As the monarchy in 1979, Iran’s ruling religious establishment is locked inside a vicious circle. Their every effort to give a new lease of existence to the Mullahcracy will surely fail. Even in the short run, there is no escape from this situation. The regime’s predicament could be resolved only by a catastrophe. For these reasons, this is not the time for reactive and soft diplomacy. The notion that peaceful foreign interference in the internal affairs of the Islamic Republic of Iran could be productive is merely a pipe dream. Equally idiotic is the notion that courting the so-called liberal wing of the Mullahcracy could influence the Islamic Republic’s policies. Nothing short of amateurish incompetence concerning the real nature of the Mullahcracy, coupled with the present childish optimism of the West, could excuse the substitution of a coherent strategy in the defense of mankind for the unprincipled betrayal of the very ideas that have always secured the latter’s safety, peace and stability. The United States, its allies and all the other countries involved in the protracted negotiations demand from the Iranian regime what its representatives are unable to deliver – its steady transformation from a ruthless autocracy into a less aggressive and possibly more representative government. Faith-based totalitarian despotism is also completely oblivious to the currently fashionable strategy of winning the “hearts and minds” of the Muslims who are convinced of Islam’s overall superiority but seething with resentment and hatred based on their actual sense of inferiority. Locked in this tragic paradox, Iran is a society in which the ability for essential changes had become extinct several centuries ago.

Should negotiations fail, Iran would most likely emerge as a nuclear power. As a result, disorder, anarchy and civil war will surely engulf the greater Middle East and the surrounding regions. To prevent such a disaster to occur, strong leadership and decisive measures are required. For this reason, the United States should facilitate the political, economic and military strengthening of the Gulf Cooperation Council as a barrier against the menacing military threat of Iran. Simultaneously, however, the United States and its allies should adopt a two-pronged strategy toward Iran. This strategy must be maximalist in its main objective, which is the overthrow of the ruling Mullahcracy, yet gradual in its implementation. The implementation should consist of political isolation and relentless ideological and cultural warfare against the distortions and outright lies about Islam and chiefly against the United States by Khomeini and his successors.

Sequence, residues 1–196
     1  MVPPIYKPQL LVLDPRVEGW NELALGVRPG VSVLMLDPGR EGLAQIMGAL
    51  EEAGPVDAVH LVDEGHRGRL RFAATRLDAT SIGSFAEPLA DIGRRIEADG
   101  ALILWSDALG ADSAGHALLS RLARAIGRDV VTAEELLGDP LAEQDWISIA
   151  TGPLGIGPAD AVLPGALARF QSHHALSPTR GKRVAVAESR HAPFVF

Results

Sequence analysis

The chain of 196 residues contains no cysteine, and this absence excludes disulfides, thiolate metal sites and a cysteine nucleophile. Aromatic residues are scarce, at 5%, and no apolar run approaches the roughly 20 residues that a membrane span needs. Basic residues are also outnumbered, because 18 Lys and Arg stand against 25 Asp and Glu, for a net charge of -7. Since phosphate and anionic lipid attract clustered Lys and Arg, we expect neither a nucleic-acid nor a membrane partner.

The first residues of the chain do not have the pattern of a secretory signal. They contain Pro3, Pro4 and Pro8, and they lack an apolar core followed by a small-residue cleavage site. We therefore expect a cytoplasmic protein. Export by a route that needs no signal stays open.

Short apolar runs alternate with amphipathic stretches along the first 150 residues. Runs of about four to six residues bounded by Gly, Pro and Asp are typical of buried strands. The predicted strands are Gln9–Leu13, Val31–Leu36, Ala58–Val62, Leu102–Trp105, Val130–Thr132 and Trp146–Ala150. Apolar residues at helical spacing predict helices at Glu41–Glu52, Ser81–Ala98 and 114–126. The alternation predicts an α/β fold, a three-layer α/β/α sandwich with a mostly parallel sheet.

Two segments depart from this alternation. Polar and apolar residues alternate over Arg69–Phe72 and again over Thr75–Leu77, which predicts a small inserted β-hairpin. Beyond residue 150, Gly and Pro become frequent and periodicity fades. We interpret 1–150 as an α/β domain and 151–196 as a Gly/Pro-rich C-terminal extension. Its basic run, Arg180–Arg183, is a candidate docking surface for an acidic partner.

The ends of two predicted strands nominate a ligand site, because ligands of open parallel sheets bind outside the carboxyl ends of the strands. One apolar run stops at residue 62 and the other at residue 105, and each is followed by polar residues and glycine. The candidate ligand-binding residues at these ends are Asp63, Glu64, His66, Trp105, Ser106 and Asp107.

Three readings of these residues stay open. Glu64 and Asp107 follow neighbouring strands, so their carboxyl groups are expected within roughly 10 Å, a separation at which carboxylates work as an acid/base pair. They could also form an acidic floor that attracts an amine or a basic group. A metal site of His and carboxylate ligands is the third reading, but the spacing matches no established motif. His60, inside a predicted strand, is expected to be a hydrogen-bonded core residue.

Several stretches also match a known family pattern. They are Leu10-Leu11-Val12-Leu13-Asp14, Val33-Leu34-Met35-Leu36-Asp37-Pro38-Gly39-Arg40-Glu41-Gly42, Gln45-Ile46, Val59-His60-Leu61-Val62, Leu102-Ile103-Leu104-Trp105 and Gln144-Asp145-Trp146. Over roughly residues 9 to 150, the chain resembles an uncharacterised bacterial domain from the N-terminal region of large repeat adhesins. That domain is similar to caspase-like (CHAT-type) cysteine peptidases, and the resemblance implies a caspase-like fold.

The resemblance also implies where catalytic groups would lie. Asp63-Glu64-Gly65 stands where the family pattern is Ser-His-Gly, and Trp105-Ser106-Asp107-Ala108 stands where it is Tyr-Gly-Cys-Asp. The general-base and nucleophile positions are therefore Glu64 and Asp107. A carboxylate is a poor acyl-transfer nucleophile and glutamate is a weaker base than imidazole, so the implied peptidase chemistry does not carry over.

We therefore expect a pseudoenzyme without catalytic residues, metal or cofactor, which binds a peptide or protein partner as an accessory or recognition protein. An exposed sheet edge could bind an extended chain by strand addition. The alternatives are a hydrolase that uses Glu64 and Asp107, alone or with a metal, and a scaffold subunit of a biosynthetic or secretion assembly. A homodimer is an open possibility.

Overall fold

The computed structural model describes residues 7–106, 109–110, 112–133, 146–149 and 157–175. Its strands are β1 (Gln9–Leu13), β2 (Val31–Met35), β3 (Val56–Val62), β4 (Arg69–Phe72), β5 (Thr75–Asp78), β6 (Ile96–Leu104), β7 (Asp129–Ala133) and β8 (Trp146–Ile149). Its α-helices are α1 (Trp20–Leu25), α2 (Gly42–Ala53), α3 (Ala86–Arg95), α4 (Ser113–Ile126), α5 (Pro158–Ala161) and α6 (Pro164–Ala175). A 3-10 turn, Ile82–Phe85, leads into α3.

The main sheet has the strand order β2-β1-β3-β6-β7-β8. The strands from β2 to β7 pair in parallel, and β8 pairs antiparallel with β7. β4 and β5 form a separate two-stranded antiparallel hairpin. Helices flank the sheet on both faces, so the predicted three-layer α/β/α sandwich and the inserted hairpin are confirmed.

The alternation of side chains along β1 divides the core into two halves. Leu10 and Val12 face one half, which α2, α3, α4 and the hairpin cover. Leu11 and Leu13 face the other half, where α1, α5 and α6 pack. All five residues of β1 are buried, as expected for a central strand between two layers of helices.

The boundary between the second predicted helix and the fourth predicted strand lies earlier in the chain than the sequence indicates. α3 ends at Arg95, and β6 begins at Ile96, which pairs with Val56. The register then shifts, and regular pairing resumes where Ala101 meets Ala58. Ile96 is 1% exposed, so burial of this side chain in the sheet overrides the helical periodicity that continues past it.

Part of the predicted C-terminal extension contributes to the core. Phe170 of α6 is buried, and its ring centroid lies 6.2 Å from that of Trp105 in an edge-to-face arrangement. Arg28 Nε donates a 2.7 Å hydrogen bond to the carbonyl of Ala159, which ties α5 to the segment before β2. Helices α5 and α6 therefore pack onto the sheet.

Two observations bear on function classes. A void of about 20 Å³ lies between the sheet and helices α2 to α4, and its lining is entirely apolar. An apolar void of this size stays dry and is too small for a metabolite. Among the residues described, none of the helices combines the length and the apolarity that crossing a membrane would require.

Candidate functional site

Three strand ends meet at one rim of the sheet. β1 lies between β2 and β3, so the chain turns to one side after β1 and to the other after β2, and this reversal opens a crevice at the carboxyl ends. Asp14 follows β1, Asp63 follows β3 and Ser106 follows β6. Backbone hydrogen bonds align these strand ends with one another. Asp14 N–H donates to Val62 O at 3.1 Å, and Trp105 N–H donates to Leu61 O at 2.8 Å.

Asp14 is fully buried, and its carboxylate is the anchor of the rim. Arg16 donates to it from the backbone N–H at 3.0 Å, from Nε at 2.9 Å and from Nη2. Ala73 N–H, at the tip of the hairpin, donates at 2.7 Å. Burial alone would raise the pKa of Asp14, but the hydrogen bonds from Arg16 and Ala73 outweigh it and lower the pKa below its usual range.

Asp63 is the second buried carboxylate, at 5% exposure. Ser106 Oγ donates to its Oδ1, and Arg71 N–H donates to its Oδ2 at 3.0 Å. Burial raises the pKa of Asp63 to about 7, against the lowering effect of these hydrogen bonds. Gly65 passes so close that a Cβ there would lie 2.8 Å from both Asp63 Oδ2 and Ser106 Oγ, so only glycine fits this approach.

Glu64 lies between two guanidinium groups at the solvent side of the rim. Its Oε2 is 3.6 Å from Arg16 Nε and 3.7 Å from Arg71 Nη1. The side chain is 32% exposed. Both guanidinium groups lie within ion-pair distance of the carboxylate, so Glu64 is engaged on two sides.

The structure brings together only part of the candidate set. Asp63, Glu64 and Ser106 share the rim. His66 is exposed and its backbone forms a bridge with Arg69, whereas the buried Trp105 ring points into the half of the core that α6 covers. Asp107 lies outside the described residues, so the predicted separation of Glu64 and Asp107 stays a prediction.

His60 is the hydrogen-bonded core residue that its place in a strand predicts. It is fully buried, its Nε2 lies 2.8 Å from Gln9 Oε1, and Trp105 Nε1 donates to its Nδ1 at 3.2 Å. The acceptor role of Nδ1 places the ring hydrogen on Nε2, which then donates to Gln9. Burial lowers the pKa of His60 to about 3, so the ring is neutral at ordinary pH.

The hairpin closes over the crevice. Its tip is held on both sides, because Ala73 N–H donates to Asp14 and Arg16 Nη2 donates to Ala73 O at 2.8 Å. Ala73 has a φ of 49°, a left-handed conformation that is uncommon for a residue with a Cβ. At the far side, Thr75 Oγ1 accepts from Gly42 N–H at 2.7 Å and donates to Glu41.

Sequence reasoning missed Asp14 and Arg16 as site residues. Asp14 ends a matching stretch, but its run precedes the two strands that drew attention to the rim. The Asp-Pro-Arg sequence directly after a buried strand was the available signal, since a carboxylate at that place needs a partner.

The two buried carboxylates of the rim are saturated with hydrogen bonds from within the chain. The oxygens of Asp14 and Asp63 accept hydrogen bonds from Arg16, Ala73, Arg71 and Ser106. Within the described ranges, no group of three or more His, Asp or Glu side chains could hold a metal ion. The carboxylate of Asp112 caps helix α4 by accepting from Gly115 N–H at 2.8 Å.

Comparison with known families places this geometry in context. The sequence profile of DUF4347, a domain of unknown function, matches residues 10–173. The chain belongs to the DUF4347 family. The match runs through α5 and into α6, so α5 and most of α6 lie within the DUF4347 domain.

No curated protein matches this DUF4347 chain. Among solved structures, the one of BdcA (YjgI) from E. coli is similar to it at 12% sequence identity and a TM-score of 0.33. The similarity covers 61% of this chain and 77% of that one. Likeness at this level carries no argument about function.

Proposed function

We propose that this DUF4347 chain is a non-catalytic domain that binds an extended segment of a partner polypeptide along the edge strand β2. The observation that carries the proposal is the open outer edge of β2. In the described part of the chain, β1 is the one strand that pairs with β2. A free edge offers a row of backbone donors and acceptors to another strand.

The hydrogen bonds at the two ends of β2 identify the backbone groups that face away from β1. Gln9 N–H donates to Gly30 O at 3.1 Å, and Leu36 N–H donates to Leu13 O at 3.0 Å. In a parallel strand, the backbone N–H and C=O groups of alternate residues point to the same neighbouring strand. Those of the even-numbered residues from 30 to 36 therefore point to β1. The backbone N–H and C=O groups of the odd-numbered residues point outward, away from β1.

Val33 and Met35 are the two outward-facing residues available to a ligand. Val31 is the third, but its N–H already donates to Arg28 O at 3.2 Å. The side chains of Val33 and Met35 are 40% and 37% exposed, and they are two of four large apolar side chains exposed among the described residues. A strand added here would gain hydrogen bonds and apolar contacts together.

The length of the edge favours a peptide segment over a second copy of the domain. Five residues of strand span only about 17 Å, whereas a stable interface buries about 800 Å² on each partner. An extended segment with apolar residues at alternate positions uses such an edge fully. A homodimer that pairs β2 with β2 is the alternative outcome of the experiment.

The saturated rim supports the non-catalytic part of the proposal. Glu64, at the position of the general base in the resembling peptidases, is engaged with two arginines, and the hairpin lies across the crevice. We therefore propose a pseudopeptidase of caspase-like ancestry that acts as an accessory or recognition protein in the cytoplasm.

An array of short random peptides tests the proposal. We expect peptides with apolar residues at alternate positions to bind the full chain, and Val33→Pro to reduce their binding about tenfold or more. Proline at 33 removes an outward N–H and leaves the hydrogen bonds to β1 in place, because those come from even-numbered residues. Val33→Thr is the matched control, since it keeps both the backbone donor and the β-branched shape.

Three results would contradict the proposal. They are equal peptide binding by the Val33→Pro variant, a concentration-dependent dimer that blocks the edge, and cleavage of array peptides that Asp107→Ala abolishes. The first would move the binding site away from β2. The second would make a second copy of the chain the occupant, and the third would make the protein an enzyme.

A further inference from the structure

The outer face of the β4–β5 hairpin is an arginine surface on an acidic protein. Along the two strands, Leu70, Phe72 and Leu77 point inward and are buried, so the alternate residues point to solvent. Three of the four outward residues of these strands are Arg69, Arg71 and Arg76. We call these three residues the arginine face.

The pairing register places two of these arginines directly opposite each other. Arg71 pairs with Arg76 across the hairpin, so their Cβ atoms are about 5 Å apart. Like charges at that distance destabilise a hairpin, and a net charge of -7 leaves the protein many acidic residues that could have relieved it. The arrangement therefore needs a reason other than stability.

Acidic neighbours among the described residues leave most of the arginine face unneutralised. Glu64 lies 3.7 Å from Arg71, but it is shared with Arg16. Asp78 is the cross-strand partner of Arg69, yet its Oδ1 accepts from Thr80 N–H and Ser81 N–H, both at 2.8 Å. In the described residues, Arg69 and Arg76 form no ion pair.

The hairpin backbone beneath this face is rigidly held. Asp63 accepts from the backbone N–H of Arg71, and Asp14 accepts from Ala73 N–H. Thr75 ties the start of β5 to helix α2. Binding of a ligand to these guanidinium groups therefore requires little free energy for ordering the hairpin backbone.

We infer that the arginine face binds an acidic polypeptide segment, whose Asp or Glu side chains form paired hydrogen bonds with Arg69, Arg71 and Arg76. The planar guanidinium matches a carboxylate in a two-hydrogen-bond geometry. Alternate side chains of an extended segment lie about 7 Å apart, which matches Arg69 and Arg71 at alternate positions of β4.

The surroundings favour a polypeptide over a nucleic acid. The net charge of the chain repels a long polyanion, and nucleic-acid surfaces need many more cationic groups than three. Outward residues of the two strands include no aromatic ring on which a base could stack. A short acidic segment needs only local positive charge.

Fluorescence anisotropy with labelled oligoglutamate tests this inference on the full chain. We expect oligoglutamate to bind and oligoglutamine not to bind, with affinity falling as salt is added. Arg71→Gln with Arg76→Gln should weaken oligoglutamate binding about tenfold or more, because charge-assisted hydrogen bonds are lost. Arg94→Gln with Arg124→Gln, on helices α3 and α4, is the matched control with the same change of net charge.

The regime’s real Achilles’ heel is the economy that is in shambles. Its fundamentals are ideologically driven. In the entire period of its existence, successive governments of the Islamic Republic never devised a coherent economic development strategy. Iran’s almost one trillion dollar economy relies heavily on its oil exports that provide eighty percent of the public revenues. Yet, oil exports have fallen from 2.2 million barrels per day in 2011 to below 1 million barrels per day in 2013, costing the country forty billion dollars in lost revenues. The local currency also lost almost three hundred percent of its value against the dollar. Currently, one dollar is being sold on the free market for thirty six thousand five hundred rials. Inflation is skyrocketing. Subsidies were long ago withdrawn on food staples, electricity, water and gasoline. Last January, just in one week, the price of a chicken rose by thirty percent, while the prices of most vegetables went up by almost hundred percent.